David Miliband has insisted British leaders did not indulge in "vainglorious boasting" after the 2003 invasion of Iraq.
Appearing before Sir John Chilcot's panel in central London, the foreign secretary said that complacent back-slapping was "shattered pretty quickly" as problems with post-war planning emerged.
Seven years after a US-led coalition ousted Saddam Hussein from Baghdad the country remains unstable, with yesterday's parliamentary elections marred by the deaths of 38 people in terrorist attacks.
Mr Miliband claimed that Britain's standing in the Arab world had been strengthened, rather than undermined, by its role in the Iraq invasion and its aftermath.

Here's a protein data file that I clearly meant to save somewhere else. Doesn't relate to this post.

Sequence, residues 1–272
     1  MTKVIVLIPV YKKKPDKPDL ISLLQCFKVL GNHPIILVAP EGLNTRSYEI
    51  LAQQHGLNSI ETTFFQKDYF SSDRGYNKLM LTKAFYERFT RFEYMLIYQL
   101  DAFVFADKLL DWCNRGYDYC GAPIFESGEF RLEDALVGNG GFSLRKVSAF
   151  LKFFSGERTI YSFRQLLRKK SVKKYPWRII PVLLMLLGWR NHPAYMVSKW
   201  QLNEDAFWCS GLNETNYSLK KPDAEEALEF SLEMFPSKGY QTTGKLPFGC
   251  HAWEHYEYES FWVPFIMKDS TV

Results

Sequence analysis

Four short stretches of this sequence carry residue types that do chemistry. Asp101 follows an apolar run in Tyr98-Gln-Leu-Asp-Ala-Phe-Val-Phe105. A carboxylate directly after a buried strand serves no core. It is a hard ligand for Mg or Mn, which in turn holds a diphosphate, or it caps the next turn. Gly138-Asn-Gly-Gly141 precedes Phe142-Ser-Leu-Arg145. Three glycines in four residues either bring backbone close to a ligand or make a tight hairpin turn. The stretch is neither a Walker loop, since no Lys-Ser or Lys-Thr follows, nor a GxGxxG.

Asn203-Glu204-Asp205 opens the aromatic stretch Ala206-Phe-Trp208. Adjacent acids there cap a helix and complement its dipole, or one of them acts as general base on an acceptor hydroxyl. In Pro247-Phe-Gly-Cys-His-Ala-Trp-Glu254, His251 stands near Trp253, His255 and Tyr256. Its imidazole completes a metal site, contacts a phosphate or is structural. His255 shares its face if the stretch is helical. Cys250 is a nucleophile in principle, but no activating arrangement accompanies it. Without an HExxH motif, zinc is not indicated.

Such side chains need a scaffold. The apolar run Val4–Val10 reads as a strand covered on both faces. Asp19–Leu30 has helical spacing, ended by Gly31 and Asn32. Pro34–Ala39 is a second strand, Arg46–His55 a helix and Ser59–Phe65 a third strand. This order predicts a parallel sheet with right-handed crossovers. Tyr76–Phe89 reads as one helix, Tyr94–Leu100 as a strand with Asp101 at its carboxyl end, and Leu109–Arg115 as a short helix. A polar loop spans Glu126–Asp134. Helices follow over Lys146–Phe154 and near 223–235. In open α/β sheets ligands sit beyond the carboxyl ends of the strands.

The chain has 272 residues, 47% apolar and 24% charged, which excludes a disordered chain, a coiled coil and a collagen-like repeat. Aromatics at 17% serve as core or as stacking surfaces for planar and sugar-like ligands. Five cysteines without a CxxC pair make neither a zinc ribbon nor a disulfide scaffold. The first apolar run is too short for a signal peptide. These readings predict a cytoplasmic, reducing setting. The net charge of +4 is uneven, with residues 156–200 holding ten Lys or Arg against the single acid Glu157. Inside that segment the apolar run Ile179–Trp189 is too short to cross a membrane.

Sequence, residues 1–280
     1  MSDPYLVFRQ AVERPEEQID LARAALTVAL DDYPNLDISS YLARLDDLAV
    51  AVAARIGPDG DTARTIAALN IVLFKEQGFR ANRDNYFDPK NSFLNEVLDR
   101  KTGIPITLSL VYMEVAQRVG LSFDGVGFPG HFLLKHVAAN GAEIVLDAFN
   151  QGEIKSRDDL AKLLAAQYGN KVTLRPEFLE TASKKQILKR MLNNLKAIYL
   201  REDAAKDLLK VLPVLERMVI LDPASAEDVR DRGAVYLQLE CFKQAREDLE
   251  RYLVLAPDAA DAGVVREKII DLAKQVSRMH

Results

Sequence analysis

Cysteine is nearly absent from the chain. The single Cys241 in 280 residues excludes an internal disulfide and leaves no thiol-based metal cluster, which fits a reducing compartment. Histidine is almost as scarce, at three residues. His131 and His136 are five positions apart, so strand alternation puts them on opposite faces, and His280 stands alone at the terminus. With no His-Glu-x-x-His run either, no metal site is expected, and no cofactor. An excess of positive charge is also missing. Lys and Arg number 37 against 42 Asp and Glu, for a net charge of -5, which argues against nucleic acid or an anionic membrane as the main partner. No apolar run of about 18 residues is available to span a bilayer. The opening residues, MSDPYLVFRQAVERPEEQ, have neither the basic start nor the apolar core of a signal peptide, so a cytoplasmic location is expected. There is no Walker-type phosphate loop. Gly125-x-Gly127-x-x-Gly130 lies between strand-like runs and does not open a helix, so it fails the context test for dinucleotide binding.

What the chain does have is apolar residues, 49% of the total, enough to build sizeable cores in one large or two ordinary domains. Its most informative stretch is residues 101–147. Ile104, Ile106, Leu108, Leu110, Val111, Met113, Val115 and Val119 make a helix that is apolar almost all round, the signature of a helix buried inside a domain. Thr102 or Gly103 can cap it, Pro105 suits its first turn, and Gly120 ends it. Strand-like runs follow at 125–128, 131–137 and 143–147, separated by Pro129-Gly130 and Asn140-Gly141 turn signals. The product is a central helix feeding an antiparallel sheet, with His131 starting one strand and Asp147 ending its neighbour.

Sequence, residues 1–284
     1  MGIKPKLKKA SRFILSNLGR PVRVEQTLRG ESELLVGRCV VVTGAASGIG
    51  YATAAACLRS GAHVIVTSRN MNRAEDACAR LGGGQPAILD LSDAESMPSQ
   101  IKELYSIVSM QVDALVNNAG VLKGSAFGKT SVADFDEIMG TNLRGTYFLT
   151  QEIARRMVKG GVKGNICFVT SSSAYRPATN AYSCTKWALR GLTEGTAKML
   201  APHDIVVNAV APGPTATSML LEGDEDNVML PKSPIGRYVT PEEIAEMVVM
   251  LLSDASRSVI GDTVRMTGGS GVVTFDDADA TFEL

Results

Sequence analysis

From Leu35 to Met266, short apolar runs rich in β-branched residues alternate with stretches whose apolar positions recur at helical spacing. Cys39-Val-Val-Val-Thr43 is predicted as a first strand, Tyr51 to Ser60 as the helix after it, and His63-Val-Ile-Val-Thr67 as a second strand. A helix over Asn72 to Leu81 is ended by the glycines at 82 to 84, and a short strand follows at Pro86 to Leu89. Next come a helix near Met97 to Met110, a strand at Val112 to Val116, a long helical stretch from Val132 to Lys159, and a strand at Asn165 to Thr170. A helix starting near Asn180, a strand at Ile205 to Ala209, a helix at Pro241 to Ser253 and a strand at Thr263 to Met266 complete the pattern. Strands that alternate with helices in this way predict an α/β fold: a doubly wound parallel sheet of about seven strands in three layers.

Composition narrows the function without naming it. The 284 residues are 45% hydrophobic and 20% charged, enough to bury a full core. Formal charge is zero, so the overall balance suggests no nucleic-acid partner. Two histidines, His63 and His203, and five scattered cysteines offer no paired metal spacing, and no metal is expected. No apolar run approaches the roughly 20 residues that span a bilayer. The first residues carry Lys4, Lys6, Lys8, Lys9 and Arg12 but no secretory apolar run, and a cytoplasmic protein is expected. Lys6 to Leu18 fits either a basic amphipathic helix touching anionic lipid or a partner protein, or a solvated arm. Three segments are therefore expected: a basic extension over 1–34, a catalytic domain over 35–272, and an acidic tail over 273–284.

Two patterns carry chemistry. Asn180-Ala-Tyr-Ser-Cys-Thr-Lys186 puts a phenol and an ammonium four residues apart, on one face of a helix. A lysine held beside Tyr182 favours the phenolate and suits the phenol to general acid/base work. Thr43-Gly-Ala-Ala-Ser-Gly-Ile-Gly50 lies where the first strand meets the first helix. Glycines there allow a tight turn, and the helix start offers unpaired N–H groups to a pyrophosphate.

"I don't believe that the Iraq decisions have undermined our relationships or our ability to business. Some of our ambassadors say we are in stronger position," he suggested.
"The view of us is that we are seen to have played a part in freeing the country from a tyranny that is bitterly remembered."
Mr Miliband's comments on Iran strayed from the hardline warning made by former prime minister Tony Blair.
"I do not call Iran a rogue state but it is a state which continues to defy the international system," he said in today's session.
In an interview with the Telegraph newspaper published today, he said he had not lost any sleep over the Iraq war.
"I don't do sleepless nights, but you don't need the legal query you raise to know there are hard questions to be asked of anyone who supported the war," he admitted.
"It would be stupid to pretend the balance is all on one side of the ledger. We haven't lost the peace, but a lot of people have lost their lives... It was much easier to win the war than the peace."